Photos by Gottschall Photography

It wasn’t long ago that the waste industry was stuck in the Dark Ages. Waste was picked up by haulers, deposited in landfills and forgotten about with little regard over its environmental or economic impacts.

To fill this information gap, a group of seven industry professionals got together at Chicago O’Hare International Airport on April 18, 1994 to establish the National Solid Waste Management Association Foundation with a mission to promote science, research and education in the waste sector.

Over the next several years, that organization would become the Research and Education Foundation, operating under the Environmental Industry Association (EIA). The group eventually splintered off from the EIA in 2000 to become the standalone Environmental Research & Education Foundation (EREF), headquartered in Raleigh, North Carolina.

As the foundation closes in on its 25th year of service, EREF President and CEO Bryan Staley talked with Waste Today about the foundation’s impact and its plans to continue evolving to serve the shifting needs of the waste management industry.

Under the microscope

Since its inception, EREF’s core mission has been to fund scientific research to advance waste management best practices. To date, the organization has funded research that touches every phase of the generation, collection and disposal lifecycle.

Staley notes that while the group originally started off emphasizing landfill research, it has branched out to identify areas of interest across the waste spectrum that warrant further exploration.

“The foundation’s mission has always been to fund scientific research to advance sustainable solid waste management practices. This began with the funding of the foundation’s first grant project, Landfill Emissions Life-Cycle Analysis, and has continued with the funding of over 100 research projects. As the foundation has grown, additional funding and educational opportunities arose.”

To ensure the organization is tackling the most important research initiatives, EREF sends out a general request for proposals (RFP) two times a year to industry stakeholders in addition to targeted, topic-specific RFPs.

Along with these RFPs, the foundation relies on its research council to narrow down the topics of focus the organization’s initiatives will be predicated on. Its research council consists of subcommittees of individuals grouped according to their area of expertise so that proposed research programs are being reviewed by experts closest to the topic who have the background to understand the relevancy and benefits of pursuing specific proposals.

According to Staley, the ongoing research conducted by EREF has resulted in a deeper understanding of the waste management industry over the last quarter century, and more work is being done to address the topics that are most pressing today.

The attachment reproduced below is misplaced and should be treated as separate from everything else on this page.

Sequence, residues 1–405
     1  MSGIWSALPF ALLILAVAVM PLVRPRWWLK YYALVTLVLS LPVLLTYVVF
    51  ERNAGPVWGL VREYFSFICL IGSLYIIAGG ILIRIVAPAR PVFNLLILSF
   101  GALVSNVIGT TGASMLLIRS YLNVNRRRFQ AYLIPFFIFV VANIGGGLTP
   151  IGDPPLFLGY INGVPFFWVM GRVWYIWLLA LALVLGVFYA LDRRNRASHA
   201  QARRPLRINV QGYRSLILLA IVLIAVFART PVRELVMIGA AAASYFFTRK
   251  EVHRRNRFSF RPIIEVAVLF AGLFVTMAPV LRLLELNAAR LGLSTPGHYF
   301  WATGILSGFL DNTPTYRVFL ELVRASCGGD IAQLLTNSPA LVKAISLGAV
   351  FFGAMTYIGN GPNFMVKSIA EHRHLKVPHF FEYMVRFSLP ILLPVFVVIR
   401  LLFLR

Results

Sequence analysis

“Research funded by EREF has filled significant knowledge gaps including, early on, a deeper understanding of methane emissions from landfills, specifically methane oxidation and direct measurement of fugitive emissions,” Staley says. “This research resulted in changes in regulatory guidance that was more in line with current scientific findings. Currently, research areas of focus include residential recycling, organics management and emerging contaminants. A key area of focus moving forward is to further refine how EREF funds projects to ensure they are well aligned with the strategic direction of the industry. This will no doubt involve greater and more focused funding on diversion strategies and non-landfill alternatives for waste management.”

Staley says that as EREF takes a closer look at recycling, the organization hopes to shine a light on the realities and myths involved in collection and diversion practices to bring about a more practical approach to waste management.

“[One of the biggest areas of need] in the industry is the question of recycling and how to address contamination and improve and develop domestic end markets,” Staley says. “Another big issue between the solid waste field, the general public and others outside the industry is that there are a lot of misperceptions about waste. Such misperceptions are not helped by what appears to be a significant amount of pseudoscience and propaganda that is being proffered by all manner of individuals and organizations, many of whom have good intentions but don’t present the full picture of what is going on. For example, a common misperception is that all things can and should be recycled or composted. Currently, this is simply not true and is indicative of wishful thinking and a disconnect between product manufacturers and waste management entities.”

Staley says that although there are a number of zero-waste proponents in the industry who support sweeping change to how waste is managed, EREF is focusing its attention on more practical disposal and diversion methods that are in line with current economic realities.

“In many cases, the conversation [on managing waste] lacks pointed discussion of economic viability. There are many solutions that exist and, in reality, the waste going to landfills could be reduced by approximately 90 percent. However, such solutions are not economically possible or realistic,” Staley says. “While many want to discuss diversion, the fact remains that the majority of waste goes to landfills. Thus, there are various landfill issues that deserve attention. Specific topics, like dealing with per- and polyfluoroalkyl substances (PFAS) and elevated landfill temperatures, will continue to be a focus of EREF along with post-closure care of landfills, which will become more critical over the next decade.”